Meeting News CoveragePerspective

Proton therapy may prolong OS in stage II, III NSCLC

CHICAGO — Proton beam therapy improved OS compared with conventional photon-based therapy in patients with stage II/III non–small cell lung cancer, according to results of a retrospective database analysis presented at the ASCO Annual Meeting.

Further, patients with higher income and education levels and those with government-issued insurance treated at academic centers were the most likely to undergo proton therapy.

“Clinical outcomes in patients with newly diagnosed NSCLC are best in patients with resectable early-stage disease where 5-year OS rates range between 15% and 17%,” Madhusmita Behera, PhD, director or Winship Research Informatics at Winship Cancer Institute at Emory University, said during a presentation. “Photon-based external beam radiation plus concurrent chemotherapy is the current standard of care for patients with unresectable stage III NSCLC.”

Proton beam therapy has emerged as an alternative to conventional photon therapy for many cancer types. Recent data suggest proton therapy has a significant advantage in sparing healthy tissue compared with photon therapy. However, it is not known whether proton therapy improves OS in patients with NSCLC.

Behera and colleagues pooled data from the National Cancer Data Base to assess outcomes and predictors associated with thoracic radiation in 140,383 patients (median age, 68 years; 57% men; 59% white) with stage I to stage IV NSCLC treated between 2001 and 2012. Fifty-nine percent of patients had stage II/III disease.

Of these patients, 140,035 were treated with photon therapy and 348 received proton therapy. Seventy-two percent of patients were treated at metropolitan centers and the other 28% were treated at academic centers.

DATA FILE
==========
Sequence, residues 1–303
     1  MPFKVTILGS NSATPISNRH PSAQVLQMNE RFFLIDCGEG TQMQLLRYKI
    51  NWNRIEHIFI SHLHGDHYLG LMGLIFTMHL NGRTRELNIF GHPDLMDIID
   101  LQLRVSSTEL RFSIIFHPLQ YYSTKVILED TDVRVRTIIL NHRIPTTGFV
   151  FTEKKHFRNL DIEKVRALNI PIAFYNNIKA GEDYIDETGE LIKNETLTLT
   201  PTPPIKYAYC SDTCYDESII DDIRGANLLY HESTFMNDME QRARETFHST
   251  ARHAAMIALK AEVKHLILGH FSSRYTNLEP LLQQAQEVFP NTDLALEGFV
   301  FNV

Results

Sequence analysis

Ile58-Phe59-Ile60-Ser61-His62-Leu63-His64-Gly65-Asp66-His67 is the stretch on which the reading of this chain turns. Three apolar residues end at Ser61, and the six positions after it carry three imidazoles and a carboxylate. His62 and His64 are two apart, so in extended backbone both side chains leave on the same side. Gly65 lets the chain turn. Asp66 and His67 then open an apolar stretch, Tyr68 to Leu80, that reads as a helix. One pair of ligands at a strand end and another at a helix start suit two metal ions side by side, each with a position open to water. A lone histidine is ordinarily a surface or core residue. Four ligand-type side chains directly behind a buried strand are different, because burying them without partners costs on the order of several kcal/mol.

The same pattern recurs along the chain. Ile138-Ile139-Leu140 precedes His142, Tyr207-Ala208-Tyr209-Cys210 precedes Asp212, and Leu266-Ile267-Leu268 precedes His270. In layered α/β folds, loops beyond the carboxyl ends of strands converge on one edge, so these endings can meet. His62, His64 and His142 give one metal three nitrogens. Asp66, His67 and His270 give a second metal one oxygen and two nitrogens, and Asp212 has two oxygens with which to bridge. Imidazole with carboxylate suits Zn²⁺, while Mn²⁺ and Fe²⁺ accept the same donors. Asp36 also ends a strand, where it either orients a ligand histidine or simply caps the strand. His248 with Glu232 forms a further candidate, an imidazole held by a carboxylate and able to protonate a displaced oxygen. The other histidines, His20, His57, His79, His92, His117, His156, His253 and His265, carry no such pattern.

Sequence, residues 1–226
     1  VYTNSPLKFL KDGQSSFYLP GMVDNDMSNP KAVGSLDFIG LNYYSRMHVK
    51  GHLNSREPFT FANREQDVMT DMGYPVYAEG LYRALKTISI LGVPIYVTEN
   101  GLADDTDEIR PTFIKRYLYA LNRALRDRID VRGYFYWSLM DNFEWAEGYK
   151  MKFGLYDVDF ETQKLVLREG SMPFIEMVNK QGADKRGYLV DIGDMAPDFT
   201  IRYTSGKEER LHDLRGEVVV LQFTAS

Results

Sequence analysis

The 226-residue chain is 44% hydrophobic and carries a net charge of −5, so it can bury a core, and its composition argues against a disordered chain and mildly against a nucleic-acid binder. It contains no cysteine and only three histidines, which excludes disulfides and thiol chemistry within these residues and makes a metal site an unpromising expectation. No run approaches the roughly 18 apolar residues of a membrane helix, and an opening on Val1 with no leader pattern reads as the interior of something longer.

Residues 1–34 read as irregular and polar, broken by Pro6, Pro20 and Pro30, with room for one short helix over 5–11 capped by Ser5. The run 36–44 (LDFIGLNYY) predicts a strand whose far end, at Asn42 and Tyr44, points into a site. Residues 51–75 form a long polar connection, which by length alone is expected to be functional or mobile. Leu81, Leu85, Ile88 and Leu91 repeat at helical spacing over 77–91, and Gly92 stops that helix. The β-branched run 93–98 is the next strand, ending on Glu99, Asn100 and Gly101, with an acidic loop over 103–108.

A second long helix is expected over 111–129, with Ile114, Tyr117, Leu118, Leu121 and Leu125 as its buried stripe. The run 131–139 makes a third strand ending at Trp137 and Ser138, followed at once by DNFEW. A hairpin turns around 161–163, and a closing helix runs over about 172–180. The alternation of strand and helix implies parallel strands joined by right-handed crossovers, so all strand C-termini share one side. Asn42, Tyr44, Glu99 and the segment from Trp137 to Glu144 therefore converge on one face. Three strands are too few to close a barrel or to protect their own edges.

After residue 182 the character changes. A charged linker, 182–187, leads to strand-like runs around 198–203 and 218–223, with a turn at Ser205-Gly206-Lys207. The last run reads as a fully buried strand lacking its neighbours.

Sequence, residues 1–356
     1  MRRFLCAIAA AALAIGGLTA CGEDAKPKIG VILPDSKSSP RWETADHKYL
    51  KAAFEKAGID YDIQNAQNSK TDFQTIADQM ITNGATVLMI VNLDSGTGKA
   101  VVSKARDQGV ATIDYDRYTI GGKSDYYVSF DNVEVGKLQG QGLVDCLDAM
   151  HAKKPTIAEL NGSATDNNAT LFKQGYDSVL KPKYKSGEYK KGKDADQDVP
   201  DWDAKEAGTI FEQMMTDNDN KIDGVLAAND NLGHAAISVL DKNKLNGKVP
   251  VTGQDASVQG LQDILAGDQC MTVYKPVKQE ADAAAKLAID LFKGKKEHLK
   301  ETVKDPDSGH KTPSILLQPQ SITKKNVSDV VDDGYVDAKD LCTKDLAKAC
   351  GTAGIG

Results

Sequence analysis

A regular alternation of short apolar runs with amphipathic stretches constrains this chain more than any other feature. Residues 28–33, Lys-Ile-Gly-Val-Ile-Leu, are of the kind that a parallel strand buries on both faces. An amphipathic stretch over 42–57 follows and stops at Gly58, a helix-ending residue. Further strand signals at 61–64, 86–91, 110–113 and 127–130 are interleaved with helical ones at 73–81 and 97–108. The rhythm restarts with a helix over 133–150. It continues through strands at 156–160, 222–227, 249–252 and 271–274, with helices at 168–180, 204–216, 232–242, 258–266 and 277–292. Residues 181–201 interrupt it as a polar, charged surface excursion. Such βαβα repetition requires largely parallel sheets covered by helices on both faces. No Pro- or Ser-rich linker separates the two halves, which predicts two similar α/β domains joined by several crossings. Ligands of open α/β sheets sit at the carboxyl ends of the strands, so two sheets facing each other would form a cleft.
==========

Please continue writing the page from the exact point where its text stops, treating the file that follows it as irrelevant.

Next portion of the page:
Researchers conducted logistic regression analyses to determine predictors of proton therapy use.

Results showed proton therapy was less likely among patients treated in community (OR = 0.2; P < 0.001) or comprehensive community centers (OR = 0.32; P < 0.001) compared with academic centers.

Further, patients who underwent proton therapy were more likely to have a higher income and education level. Forty-five percent of patients who received proton therapy were from zip codes with a median income of more than $46,000 — the highest income quartile according to the U.S. Census Bureau.

Results of multivariate analysis indicated that the risk for death was greater with use of photon therapy (HR = 1.46; P < .001).

Among patients with stage II/III disease, a greater proportion of those who received proton therapy achieved 5-year OS (22.3% vs. 15%; P = .01). Patients with stage II/III disease who received photon therapy had worse OS in multivariate (HR = 1.19; P = .06) and univariate (HR = 1.23; P = .02) analyses.

Further, results of a propensity-matched analysis showed more patients achieved 5-year OS with proton therapy vs. photon therapy (23% vs. 14%; P = .02).

Median OS was 11 months with photon therapy vs. 19 months with proton therapy.

The researchers acknowledged limitations of their study, including a potential influence of patient section, small sample size and a lack of toxicity data.

“Our results show that thoracic radiation with proton therapy is associated with favorable survival,” Behera said. “Also, the use of proton therapy was associated with higher education and higher income levels as well as treatment received at an academic center. The ongoing phase 3 randomized trial, NRG Oncology 1308, will hopefully provide us with additional information on the role of proton therapy in stage II/III patients.” – by Jennifer Southall

Reference :

Behera M, et al. Abstract 8501. Presented at: ASCO Annual Meeting; June 3-7, 2016; Chicago.

Disclosure: Behera reports no relevant financial disclosures. Please see the abstract for a list of all other researchers’ relevant financial disclosures.